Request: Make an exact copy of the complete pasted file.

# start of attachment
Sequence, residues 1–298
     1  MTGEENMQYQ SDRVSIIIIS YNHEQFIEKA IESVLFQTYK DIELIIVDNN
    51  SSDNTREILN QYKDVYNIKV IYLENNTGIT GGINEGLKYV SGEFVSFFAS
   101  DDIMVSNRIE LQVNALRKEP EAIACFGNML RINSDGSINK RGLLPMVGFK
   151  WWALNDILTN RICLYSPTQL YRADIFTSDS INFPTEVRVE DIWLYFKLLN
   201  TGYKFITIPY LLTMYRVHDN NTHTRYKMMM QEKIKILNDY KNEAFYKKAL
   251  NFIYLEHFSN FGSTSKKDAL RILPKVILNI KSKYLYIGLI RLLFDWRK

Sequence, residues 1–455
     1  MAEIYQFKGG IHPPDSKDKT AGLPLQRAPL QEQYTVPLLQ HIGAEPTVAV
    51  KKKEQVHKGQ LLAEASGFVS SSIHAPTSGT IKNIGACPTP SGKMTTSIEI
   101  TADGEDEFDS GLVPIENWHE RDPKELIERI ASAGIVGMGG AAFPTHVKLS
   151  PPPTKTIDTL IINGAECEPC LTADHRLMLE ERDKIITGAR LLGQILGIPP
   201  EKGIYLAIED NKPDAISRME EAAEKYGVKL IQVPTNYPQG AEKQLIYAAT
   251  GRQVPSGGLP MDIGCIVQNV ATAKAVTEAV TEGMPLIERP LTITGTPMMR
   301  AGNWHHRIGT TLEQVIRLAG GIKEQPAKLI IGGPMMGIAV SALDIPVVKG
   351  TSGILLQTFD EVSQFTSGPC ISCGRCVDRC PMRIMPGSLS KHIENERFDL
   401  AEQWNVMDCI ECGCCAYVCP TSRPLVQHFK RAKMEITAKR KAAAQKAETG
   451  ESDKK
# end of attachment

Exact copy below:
Sequence, residues 1–298
     1  MTGEENMQYQ SDRVSIIIIS YNHEQFIEKA IESVLFQTYK DIELIIVDNN
    51  SSDNTREILN QYKDVYNIKV IYLENNTGIT GGINEGLKYV SGEFVSFFAS
   101  DDIMVSNRIE LQVNALRKEP EAIACFGNML RINSDGSINK RGLLPMVGFK
   151  WWALNDILTN RICLYSPTQL YRADIFTSDS INFPTEVRVE DIWLYFKLLN
   201  TGYKFITIPY LLTMYRVHDN NTHTRYKMMM QEKIKILNDY KNEAFYKKAL
   251  NFIYLEHFSN FGSTSKKDAL RILPKVILNI KSKYLYIGLI RLLFDWRK

Sequence, residues 1–455
     1  MAEIYQFKGG IHPPDSKDKT AGLPLQRAPL QEQYTVPLLQ HIGAEPTVAV
    51  KKKEQVHKGQ LLAEASGFVS SSIHAPTSGT IKNIGACPTP SGKMTTSIEI
   101  TADGEDEFDS GLVPIENWHE RDPKELIERI ASAGIVGMGG AAFPTHVKLS
   151  PPPTKTIDTL IINGAECEPC LTADHRLMLE ERDKIITGAR LLGQILGIPP
   201  EKGIYLAIED NKPDAISRME EAAEKYGVKL IQVPTNYPQG AEKQLIYAAT
   251  GRQVPSGGLP MDIGCIVQNV ATAKAVTEAV TEGMPLIERP LTITGTPMMR
   301  AGNWHHRIGT TLEQVIRLAG GIKEQPAKLI IGGPMMGIAV SALDIPVVKG
   351  TSGILLQTFD EVSQFTSGPC ISCGRCVDRC PMRIMPGSLS KHIENERFDL
   401  AEQWNVMDCI ECGCCAYVCP TSRPLVQHFK RAKMEITAKR KAAAQKAETG
   451  ESDKK